Hawaii's ecosystem harmed by building on Mauna Kea

By Jon Osorio
Honolulu Star-Advertiser
KAHEA Board member Jon Osorio submits an op-ed response to an article posted in the Star-Advertiser on February 24, 2014, "UH regents right to OK telescope," Our View."

We must not understand the University of Hawaii Board of Regents' vote to approve a sublease for the Thirty Meter Telescope (TMT) on Mauna Kea as a vote for "science."

It was a vote against a collective obligation to protect Hawaii's public trust resources. It was unwise.

A recent Star-Advertiser editorial was right — the need to balance astronomy-related development and protections for Native Hawaiian cultural resources and Mauna Kea's fragile ecosystems has never been greater ("UH regents right to OK telescope," Our View, Star-Advertiser, Feb. 24).

But this need should not be driven by the claims of the global research community. Nor should it be driven only by a desire to provide employment.

Achieving a balance of uses of Mauna Kea, rather, requires that we turn to history and the laws put in place to provide for such a balance.

In 1968, the state Board of Land and Natural Resources (BLNR) leased these (un)ceded lands to UH for, among other things, the construction of "an observatory." More than 50 years later, 12 observatories, supporting facilities, roads and parking lots, inhabit the summit — and UH has still not agreed to impose a limit on the number of telescopes that may be built.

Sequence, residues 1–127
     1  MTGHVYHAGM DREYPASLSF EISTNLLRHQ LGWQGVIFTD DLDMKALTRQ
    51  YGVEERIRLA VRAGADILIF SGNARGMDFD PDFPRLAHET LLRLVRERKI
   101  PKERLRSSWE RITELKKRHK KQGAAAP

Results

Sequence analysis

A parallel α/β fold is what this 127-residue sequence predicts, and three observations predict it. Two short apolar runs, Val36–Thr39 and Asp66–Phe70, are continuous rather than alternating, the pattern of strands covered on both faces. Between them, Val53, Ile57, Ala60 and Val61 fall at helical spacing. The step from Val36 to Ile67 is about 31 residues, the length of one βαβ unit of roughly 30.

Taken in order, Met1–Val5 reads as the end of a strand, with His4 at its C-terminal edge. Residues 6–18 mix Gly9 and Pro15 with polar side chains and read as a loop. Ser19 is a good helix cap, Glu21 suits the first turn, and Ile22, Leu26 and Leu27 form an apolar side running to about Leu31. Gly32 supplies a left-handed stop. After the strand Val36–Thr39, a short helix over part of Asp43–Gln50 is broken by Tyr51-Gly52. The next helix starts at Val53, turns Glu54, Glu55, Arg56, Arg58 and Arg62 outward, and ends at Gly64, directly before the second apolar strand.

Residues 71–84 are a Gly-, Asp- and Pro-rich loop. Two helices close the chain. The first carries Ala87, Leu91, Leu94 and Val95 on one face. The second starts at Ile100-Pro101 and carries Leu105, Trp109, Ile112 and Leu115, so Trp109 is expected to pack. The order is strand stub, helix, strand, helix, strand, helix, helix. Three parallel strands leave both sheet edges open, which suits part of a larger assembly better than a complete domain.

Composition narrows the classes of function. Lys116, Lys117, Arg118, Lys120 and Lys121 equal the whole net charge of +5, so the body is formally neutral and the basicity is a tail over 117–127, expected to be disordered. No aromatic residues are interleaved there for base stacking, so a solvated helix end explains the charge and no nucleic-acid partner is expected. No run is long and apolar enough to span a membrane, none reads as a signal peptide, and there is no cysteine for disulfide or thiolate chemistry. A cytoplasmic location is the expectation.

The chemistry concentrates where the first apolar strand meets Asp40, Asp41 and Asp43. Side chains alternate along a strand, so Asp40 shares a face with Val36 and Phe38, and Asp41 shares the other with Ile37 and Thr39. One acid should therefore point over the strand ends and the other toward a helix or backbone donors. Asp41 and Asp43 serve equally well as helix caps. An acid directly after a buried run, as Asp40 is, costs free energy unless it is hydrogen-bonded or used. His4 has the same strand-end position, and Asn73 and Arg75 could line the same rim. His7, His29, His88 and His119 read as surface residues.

Mauna Kea's summit comprises conservation district lands, which means that development cannot occur unless it meet eight criteria — including a prohibition against "substantial adverse" impacts.

Mauna Kea was found to have sustained such substantial impacts years prior to TMT sublease vote. Former BLNR officials raised this in their comments on the TMT proposal prior to the current BLNR's approval of the project.

We are a hui of Hawaiian practitioners, activists and environmentalists who have raised the state's failure to follow its own laws as a legal claim in the Third Circuit Court. A decision favoring the TMT would not be a "victory," as the Star-Advertiser editorial asserts, but the latest in a series of demands that Native Hawaiians relinquish sacred places to the "economy."

In more recent history, BLNR deferred its consideration of a master lease of Mauna Kea to UH pending completion of an environmental impact statement. As Office of Mauna Kea Management board member Hannah Kihilani Springer noted, it's a "little odd" to approve a sublease when the master lease has not been approved yet.

The UH Board of Regents' approval of the TMT sublease, prior to resolution of issues concerning the impacts of UH's mismanagement of the summit areas and the propriety of further construction in the Mauna Kea conservation district, is imprudent.

The Star-Advertiser and others misunderstand what is at stake in expanding industrial development on Mauna Kea. The prospect of gaining the recognition from the "global research community" cannot displace our need to better balance conservation uses of Mauna Kea against a seemingly ever-increasing demand for astronomy-related development. At stake is our ability to carry a cultural legacy and public trust obligations that undergird us as a people of Hawaii.

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